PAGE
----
“When I saw SCAMFest my freshman year, I [thought], ‘That’s what I want to do,’ Sammy Shrestha PO ’23 said. Two years later, they not only performed in the beloved 5C event but were also responsible for organizing the entire show, a performance designed to celebrate the latest and best in collegiate vocal music.
On Saturday, Pomona College’s Bridges Auditorium saw the return of SCAMFest — the Southern California A Cappella Music Festival. The Claremont Colleges’ largest a cappella event of the year, SCAMFest brought together a host of singing groups and rounded up a sold-out crowd.
Ten groups took the stage, including six from the 5Cs: the Claremont Shades, Blue and White, Mood Swing, One Night Stanza, Ninth Street Hooligans and Midnight Echo. The seventh a cappella group on campus, After School Special, was unable to perform due to a high number of COVID-19 cases and exposures in their group.
Four a cappella groups from other California schools also took part, including two groups from UCLA: Bruin Harmony and the Scattertones (who will soon perform in the International Championship of Collegiate A Cappella finals). The other ensembles included UC Davis’ The Spokes and USC’s SoCal Vocals.
Usually held during the fall semester, SCAMFest was postponed to the spring due to COVID concerns this year. The typically-annual event is organized by Claremont Shades, a group headed this semester by co-presidents Shrestha and Kiana Harnish SC ’23. The pair introduced the event, emphasizing how excited they were to be performing in SCAMFest after its two-and-a-half year hiatus. They also honored those in 7C a cappella groups who have graduated since the last SCAMFest in 2019 and were thus unable to perform in their final SCAMFest due to the pandemic’s limitations.
Shrestha and Harnish were then joined by the rest of the Shades, dressed in shades of red, and performed two songs: “Road Less Traveled” by Fatai and “Lavender” by Camille Trust. With an impressive arrangement that showcased both talented soloists and the strength of the group, the Shades kicked SCAMFest off on a high note.
Having been in awe of SCAMFest their first year, Shrestha remarked on their experience finally performing in the show.
“[It was] definitely incredible to perform and absolutely terrifying to perform,” they said.
The other nine groups followed, each introduced by a member of the Shades. The performances mostly alternated between 7C groups and those visiting from the other California schools.
Most groups took the stage clad in their group’s signature color: Blue and White wore those signature hues, Mood Swing dressed in yellow, Midnight Echo showed up in silver. Aside from coordinated outfits and the lack of instruments, choreography is another facet of a capella which distinguishes this style from other vocal performances. Most groups had their own choreographer to arrange the groups’ presence — from swaying and hand motions to more complex orientations and movements — amplifying the production aspect of a cappella.
Audience member Alex Morgan PO ’25 appreciated the festival’s high-performance aspect.
“The UCLA boys’ group was definitely one of the most memorable performances because I think they really captured the spirit and performance of a cappella as it exists in pop-culture from shows like ‘Glee,’” he said. “But, I also really enjoyed the USC group and the Shades, among others, because they had some really beautiful arrangements as well, and they also had some really remarkable voices.”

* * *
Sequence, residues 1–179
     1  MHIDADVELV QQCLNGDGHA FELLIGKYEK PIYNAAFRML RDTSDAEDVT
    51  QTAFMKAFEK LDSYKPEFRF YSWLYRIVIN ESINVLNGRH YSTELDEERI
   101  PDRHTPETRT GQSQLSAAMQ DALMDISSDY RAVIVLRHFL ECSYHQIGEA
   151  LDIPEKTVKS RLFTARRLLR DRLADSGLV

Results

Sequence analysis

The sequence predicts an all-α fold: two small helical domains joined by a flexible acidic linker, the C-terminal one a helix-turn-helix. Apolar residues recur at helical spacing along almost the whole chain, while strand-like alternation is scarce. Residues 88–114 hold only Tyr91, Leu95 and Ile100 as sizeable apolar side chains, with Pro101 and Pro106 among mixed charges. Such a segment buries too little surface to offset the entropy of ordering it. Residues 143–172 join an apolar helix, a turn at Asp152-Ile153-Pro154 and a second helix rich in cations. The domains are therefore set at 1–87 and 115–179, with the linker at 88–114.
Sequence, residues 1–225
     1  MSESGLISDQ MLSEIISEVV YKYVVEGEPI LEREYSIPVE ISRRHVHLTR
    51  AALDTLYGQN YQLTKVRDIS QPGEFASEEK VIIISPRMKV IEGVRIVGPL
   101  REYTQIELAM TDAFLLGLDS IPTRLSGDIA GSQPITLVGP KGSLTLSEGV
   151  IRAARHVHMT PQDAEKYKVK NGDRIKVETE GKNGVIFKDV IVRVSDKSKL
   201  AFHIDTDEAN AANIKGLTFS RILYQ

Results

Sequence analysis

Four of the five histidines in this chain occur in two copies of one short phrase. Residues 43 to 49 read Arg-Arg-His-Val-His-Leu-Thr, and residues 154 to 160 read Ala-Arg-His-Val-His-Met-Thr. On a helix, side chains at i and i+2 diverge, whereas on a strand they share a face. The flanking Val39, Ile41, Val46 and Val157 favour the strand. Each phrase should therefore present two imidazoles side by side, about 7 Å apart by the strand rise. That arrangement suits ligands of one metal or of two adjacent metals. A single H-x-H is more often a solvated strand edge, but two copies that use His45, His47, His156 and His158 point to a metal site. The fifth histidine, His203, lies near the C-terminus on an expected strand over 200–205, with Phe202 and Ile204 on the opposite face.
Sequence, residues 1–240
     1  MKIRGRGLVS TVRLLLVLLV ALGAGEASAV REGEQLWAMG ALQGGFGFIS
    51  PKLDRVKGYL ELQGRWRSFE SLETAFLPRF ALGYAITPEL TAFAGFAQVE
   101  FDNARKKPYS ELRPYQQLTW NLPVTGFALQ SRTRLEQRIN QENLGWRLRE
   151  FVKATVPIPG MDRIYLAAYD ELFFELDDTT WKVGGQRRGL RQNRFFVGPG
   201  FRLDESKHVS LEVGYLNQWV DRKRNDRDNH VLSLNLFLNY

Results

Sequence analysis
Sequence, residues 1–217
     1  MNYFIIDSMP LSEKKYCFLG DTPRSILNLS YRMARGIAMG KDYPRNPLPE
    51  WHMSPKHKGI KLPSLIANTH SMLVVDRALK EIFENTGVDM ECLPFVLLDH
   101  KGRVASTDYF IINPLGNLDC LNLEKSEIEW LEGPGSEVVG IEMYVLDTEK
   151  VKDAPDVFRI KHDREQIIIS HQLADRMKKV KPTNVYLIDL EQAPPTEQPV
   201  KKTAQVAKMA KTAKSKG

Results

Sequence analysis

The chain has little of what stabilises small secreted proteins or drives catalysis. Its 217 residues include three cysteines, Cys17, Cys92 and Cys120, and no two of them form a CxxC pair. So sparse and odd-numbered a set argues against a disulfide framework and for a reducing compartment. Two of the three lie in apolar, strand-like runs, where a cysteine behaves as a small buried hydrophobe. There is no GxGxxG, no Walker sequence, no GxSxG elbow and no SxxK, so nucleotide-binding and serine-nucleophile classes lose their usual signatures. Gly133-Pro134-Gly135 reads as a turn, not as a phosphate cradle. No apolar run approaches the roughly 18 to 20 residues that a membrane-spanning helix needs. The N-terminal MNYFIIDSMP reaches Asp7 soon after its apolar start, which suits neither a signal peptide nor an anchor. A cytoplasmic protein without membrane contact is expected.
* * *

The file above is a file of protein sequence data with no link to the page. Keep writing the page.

The Shades meet three times a week, and they increased that to daily practices in the week leading up to the show. Reflecting on all that went into the event — especially for the Shades as both performers and organizers — Shrestha expressed excitement about how it turned out.
“I am really happy with how [SCAMFest] went, and a lot of people, including myself and all the other Shades leadership put in a ton of work since the start of winter break … And I’m really glad that we did because it paid off entirely, and it was incredible,” Shrestha said.
Due to the previous postponement, Shrestha and Harnish planned extensively in accordance with LA County and 5C COVID-19 guidelines, as well as with the staff at Bridges Auditorium and the visiting university groups to get the event cleared for the spring. After these coordinating efforts, the administration finally signed off on the event, and SCAMFest was confirmed. However, Shrestha had to keep an eye on COVID numbers and regulations on a regular basis leading up to the show.
“It was pretty surreal, after doing a bunch of planning and answering emails every day and having meetings with the Bridges staff and just every aspect of that, to finally sit in the audience,” Shrestha said.
The only major shift from previous years was the disappointing absence of After School Special from the lineup, as well as an audience kept to 40 percent capacity; all 1,000 tickets sold out.
However, a smaller crowd didn’t limit the attendees’ enjoyment. Members of the audience shouted for their friends taking the stage. Standing ovations were frequent, and cheers were constant. The crowd was especially lively during performances of popular songs, like Ninth Street Hooligans’ rendition of “Die Young” by Ke$ha and when Bruin Harmony, an all-male group, leaned into the boy-band aesthetic and sang One Direction’s “Story of My Life.”
“What I remember most about the performance,” Morgan said, “was the energy in the room and the collective anticipation and excitement when one of the singers hit a really awesome note. And I wish that we could recreate that energy more often on campus.”